Most writing about seafood these days (here, here, and here) is concerned with issues of conservation, and rightly so. As one of the only types of food that are harvested in large quantities from wild stocks (we've managed to domesticate just about everything else, from wheat to geese), seafood is uniquely vulnerable to environmental threats that could erase tuna, salmon, and countless others from our menus for good.*
In furtherance of this talk of conservation, I would like to expound on the value of preservation. Smoking and curing fish were formerly the only tools that enabled fish to be enjoyed more than a few miles inland from a body of befished water. No longer dictated by necessity, because we can freeze fish or fly it across the planet in its fresh, or in some cases live form, they are still one of the best ways I know to make good use of the tastiest varieties of the sea's food.
Today, many conscientious people are making dietary edits in acknowledgment of the preciousness of larger varieties of sea life, by focusing on the merits of creatures lower on the food chain, including sardines, smelts, sprats, and the like. As we do this, it's worth noting that our occasional indulgence in the tasty large fish can be made more special by employing these time-tested methods of preservation. In other words, if you're going to minimize your consumption of the big fish, you may as well maximize your enjoyment of each bite.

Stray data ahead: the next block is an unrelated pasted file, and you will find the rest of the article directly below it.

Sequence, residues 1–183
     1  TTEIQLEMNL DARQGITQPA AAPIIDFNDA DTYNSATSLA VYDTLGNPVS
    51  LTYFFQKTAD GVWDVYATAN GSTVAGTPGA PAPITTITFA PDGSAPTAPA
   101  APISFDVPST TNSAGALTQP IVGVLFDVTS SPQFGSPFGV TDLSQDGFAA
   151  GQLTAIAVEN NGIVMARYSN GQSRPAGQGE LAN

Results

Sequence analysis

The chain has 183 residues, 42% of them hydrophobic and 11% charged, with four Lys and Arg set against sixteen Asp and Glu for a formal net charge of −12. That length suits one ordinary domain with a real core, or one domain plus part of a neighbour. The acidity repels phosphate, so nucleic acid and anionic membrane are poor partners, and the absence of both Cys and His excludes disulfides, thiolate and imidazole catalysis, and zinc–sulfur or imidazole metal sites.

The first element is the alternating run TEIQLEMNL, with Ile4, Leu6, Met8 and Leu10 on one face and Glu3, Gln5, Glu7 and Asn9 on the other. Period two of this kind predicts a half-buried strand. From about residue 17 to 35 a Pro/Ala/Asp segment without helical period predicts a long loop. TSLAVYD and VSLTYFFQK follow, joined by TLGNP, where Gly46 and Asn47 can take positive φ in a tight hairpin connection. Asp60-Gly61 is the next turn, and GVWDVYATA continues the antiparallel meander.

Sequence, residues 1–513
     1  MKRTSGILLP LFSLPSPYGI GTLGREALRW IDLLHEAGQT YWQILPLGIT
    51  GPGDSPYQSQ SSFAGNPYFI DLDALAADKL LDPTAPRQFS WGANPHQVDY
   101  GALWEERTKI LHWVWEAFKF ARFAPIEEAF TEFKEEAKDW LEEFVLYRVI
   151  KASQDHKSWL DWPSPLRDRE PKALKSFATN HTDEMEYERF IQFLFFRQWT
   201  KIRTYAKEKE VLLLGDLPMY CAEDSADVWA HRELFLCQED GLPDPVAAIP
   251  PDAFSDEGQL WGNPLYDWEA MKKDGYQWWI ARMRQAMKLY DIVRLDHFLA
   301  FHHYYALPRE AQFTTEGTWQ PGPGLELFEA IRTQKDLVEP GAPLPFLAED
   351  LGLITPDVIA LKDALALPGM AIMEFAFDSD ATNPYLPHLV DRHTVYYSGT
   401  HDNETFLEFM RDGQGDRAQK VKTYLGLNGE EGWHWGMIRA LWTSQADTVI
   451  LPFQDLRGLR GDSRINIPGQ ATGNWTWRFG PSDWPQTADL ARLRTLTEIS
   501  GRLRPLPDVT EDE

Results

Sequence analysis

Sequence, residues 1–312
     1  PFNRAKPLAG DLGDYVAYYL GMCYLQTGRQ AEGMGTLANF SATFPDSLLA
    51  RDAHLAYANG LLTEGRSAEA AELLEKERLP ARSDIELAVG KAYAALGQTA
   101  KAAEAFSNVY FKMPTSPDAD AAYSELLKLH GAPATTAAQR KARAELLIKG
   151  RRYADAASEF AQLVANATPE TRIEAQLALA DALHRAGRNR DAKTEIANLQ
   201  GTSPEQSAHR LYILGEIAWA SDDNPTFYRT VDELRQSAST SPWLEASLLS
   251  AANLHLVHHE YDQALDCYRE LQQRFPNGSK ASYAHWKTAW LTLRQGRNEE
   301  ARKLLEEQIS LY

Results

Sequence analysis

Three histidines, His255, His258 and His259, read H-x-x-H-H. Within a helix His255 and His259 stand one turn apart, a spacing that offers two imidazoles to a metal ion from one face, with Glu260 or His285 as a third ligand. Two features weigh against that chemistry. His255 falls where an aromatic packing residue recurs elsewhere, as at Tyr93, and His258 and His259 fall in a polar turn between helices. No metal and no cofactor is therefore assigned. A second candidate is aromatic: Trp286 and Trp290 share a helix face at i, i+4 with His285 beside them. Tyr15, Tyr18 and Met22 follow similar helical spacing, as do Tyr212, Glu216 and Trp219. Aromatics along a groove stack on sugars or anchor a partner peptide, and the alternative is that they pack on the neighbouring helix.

Smoking deepens the already-rich flavors of salmon, sturgeon, albacore and yellow fin tuna. Anyone familiar with cold-smoked salmon knows that just a tiny bite, whether perched on a cracker with crème fraiche and a sprig of dill, or simply flaked with a fork and devoured on its own, can convey as much complexity of flavor as an entire serving of the fresh stuff.
Hot-smoked salmon, on the other hand, as I recently discovered at the Creekside Smokehouse in Half Moon Bay, California, is another matter entirely. The dark ruby-colored product that results from this method is dryer, firmer, and imbued with a more sinister smokiness, redolent of campfires but still enshrouding the original character of the fish. Crumbled onto a few leaves of butter lettuce and drizzled with a light vinaigrette, it's like a pescetarian bacon bit, and an ideal way to savor a rare treat from the sea.
A welcome sign outside Creekhouse Smokehouse
Mermaids are always a good sign.
Get more information about Creekside Smokehouse here.
*For more information about sustainable seafood and ways to smarten up your seafood choices, the Monterey Bay Aquarium Seafood Watch page is a good place to start. Making a visit to the aquarium itself is also a good way to educate yourself about the fish that we eat. Seeing an majestic 7-foot yellowfin tuna gliding through a tank, with a sharp line of glowing bright yellow fins along its back changed the way I think about so-called 'tunafish'.